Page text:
Clusters of galaxies are huge concentrations of mass, including both the normal matter we see in the visible light from galaxies and the unseen dark matter spread throughout. Many galaxy clusters are massive enough to produce noticeable deflections of the light passing through or near them. The immense gravity in the cluster can warp space to act like a lens that gathers, amplifies, and magnifies light. Such a gravitational lens will be lumpy, not smooth, and will generally create distorted images of background galaxies seen through them. Also, this lensing often produces multiple images of the same background galaxy, as light from that galaxy is re-directed toward us along multiple paths through the cluster.



    The simple idea of a glass lens becomes both cosmic and complex in gravitational lensing. Imagine a lens stretching millions of light-years across (many million million millions of miles). We don't need to construct such a lens, as nature has provided a good number of them through the warping of the fabric of space. These lenses allow us to see very distant galaxies in the universe, some of which could not otherwise be observed. That's the marvelous reality of galaxy clusters acting as gravitational lenses.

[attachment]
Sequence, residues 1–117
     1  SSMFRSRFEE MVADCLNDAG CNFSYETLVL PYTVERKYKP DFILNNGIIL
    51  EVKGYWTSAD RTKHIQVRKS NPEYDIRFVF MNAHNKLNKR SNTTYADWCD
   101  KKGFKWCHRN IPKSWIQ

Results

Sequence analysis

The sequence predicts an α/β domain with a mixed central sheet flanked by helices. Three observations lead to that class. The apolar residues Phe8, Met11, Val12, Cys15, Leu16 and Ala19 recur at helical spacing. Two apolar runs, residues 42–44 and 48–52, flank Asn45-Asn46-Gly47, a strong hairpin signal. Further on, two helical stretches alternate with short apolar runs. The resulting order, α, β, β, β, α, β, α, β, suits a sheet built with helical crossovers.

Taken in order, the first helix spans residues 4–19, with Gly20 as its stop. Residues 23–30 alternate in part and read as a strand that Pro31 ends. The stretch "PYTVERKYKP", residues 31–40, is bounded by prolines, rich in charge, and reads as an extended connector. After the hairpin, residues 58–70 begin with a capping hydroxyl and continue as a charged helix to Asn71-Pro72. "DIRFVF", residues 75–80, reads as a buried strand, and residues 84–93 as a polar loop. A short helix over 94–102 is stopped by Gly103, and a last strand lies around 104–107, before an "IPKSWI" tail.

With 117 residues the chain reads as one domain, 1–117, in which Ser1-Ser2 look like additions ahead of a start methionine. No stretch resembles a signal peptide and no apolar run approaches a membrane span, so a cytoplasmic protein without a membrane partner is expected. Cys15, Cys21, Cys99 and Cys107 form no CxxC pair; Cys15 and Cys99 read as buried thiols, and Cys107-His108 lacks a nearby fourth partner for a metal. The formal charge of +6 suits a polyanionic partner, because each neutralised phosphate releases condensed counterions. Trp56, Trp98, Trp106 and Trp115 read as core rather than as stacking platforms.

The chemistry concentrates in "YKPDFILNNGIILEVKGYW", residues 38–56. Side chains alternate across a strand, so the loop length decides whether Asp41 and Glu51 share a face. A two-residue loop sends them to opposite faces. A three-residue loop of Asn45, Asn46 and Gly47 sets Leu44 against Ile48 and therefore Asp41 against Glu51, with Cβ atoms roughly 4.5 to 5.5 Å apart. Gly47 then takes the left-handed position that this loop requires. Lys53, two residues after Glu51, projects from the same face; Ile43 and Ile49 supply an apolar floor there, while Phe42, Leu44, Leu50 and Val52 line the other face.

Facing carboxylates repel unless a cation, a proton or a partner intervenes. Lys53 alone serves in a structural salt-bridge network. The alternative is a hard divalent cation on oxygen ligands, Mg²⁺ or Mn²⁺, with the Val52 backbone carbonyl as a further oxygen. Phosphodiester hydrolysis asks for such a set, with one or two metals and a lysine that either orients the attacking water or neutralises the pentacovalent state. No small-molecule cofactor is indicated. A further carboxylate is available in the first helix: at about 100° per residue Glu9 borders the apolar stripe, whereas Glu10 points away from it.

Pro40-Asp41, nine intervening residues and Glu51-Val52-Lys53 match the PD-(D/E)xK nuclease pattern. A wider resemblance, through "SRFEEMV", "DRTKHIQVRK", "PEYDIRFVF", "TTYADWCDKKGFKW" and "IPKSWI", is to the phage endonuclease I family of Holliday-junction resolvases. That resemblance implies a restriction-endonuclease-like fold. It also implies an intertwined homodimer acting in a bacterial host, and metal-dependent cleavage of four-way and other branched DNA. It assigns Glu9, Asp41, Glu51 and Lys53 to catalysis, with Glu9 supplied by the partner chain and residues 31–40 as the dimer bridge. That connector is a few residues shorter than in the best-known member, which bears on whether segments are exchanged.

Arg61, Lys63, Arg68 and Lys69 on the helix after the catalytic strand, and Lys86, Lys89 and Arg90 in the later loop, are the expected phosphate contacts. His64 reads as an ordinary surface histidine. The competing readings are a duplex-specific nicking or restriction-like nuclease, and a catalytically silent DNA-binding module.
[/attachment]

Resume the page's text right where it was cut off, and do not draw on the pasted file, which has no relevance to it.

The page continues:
• November 24, 2014

    A Black Hole Visits Baltimore

    by Frank Summers

    [NOTE: This post is the fourth in a four-part series. Previous posts are: 1) Einstein's Crazy Idea, 2) Visual "Proof" of Gravitational Lensing, and 3) Gravitational Lensing in Action. The same posts, slightly modified, also appear on the Frontier Fields blog.]

    For the final part of this series of blog posts, let's bring things back to Earth. The demonstration of a physical process will always seem a bit arcane when using unfamiliar objects as the example. Most folks don't have a working relationship with galaxies, let alone the strange varieties one gets in the distant universe. Instead of taking the viewer into the universe, it can be more intuitive to bring the cosmic phenomenon closer to home.